The present takehome quizzes are very similar to problems you will see on the tests.
The written correspondence assignments tend to be more conceptual than computational.
x-bar (an overscored x) is the mean of a sample (the average weight of 20 students) mu (the lower case Grek letter) is the same as E[X], the mean of the population or the theoretical mean for a probability distribution function.
sigma (lower case Greek letter) is the standard deviation of the population or the theoretical value for a probability distribution function; s is an eastimate for sigma based on a sample (s^2 is the the unbiased estimator for sigma^2 from a sample of a population). (We divide by n-1 to get s because we do not know the true mean of the population and there is other sampling error.)
p-hat (p with a caret (^) circumflex above it) is the proportion in a sample (the
percentage of 248 Iowans interviewed who approve of Clinton)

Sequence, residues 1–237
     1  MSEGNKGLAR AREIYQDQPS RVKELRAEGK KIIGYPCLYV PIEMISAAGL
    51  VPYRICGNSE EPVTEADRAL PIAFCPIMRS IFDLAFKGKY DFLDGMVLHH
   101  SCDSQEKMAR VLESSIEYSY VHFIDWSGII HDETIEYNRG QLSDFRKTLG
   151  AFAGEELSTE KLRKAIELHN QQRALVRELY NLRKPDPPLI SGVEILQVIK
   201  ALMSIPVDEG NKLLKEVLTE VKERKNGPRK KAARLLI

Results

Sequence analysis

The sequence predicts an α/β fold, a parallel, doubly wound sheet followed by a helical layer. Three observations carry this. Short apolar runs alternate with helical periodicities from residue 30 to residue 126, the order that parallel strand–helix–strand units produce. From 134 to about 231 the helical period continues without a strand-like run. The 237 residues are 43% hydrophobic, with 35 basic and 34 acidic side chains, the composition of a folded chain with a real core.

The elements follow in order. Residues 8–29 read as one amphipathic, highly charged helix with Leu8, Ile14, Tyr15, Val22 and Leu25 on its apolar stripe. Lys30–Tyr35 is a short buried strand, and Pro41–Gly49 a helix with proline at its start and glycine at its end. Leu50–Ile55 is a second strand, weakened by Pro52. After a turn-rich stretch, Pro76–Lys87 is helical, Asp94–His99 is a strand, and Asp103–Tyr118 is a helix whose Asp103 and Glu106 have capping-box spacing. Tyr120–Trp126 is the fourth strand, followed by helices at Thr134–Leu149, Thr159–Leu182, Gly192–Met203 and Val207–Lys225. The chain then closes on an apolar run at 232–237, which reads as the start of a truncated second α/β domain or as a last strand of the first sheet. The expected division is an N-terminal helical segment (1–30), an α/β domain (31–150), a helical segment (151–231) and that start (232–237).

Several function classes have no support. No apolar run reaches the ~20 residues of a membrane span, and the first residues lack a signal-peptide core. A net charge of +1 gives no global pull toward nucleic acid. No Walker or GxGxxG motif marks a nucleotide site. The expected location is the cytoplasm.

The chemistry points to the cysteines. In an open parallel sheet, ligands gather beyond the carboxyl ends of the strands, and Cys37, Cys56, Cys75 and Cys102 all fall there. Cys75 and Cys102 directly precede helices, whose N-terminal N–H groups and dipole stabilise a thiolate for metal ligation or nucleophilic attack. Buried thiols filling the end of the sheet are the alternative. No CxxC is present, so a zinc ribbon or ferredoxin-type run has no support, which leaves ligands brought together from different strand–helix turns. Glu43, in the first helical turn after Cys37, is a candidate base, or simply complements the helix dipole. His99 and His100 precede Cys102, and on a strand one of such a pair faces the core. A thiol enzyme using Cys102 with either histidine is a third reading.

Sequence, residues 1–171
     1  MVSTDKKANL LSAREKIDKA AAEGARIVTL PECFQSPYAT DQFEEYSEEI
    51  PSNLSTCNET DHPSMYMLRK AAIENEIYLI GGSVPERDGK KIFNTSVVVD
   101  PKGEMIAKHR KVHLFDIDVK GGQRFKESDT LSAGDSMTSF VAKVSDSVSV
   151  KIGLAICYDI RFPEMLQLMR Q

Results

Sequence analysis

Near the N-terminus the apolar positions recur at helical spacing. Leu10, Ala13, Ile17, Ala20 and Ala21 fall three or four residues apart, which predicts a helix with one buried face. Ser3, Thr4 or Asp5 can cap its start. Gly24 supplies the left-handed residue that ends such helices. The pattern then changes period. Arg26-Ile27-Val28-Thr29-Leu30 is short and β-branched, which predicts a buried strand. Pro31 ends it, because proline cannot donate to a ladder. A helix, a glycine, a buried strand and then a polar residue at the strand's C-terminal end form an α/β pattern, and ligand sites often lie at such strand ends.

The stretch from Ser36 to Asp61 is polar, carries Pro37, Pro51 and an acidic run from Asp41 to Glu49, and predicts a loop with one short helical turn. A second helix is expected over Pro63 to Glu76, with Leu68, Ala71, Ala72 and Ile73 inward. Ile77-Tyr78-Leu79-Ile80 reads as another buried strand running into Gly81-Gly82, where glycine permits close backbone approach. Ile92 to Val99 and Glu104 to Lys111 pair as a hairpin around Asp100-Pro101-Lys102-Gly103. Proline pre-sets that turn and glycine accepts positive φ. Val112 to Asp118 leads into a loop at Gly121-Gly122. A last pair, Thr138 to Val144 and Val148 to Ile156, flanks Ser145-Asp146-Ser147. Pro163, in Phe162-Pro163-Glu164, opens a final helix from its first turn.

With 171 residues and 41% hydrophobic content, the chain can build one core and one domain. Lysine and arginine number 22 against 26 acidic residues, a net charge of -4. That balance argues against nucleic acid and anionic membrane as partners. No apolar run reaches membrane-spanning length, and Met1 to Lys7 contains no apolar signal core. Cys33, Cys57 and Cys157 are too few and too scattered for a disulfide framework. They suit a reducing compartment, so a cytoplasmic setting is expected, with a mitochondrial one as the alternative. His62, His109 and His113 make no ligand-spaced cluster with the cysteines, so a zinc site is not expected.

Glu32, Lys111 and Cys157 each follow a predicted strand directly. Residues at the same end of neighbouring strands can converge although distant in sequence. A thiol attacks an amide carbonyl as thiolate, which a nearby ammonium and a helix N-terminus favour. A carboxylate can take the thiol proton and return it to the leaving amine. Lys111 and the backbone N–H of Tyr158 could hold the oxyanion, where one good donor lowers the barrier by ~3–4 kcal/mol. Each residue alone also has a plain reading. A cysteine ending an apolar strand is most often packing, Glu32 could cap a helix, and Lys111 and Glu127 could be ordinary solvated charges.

p is the actual proportion in the population (All Iowans, all voters)
sigma sub x-bar is the standard deviation among all possible values for x-bar
(for the given sample size); sigma sub x-bar is sigma/SQRT(n)
sigma sub p-hat is the standard deviation among all possible values for p-hat (for the given sample size; sigma sub p-hat is SQRT(p(1-p)/n)
z sub alpha (z with a subscript of the Greek letter alpha) is the z-score
beyond which alpha remains in the tail. Hence z_.02 is 2.05
N.B.: You will often see z_(alpha/2), in which case (alpha/2) is the area in the tail beyond the specified z value; alpha is the area in both tails that far away.
(1-alpha) denotes the level of confidence in a confidence interval
alpha denotes the level of significance in a test of significance.
P (upper case) denotes the level of significance of an observation; this is essentially the same as alpha above.